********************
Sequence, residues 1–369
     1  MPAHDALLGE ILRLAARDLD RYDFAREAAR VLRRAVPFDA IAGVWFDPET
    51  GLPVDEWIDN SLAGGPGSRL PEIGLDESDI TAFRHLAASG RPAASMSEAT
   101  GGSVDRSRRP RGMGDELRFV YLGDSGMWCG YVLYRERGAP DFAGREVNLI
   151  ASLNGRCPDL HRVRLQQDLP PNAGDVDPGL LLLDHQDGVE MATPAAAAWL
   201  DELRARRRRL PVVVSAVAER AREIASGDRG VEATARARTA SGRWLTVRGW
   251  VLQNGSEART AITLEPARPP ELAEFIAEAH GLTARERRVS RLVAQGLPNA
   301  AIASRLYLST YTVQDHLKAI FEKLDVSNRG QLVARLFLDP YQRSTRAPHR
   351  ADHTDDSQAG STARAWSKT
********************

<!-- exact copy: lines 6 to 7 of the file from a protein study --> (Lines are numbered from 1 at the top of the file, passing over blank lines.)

   201  DELRARRRRL PVVVSAVAER AREIASGDRG VEATARARTA SGRWLTVRGW
   251  VLQNGSEART AITLEPARPP ELAEFIAEAH GLTARERRVS RLVAQGLPNA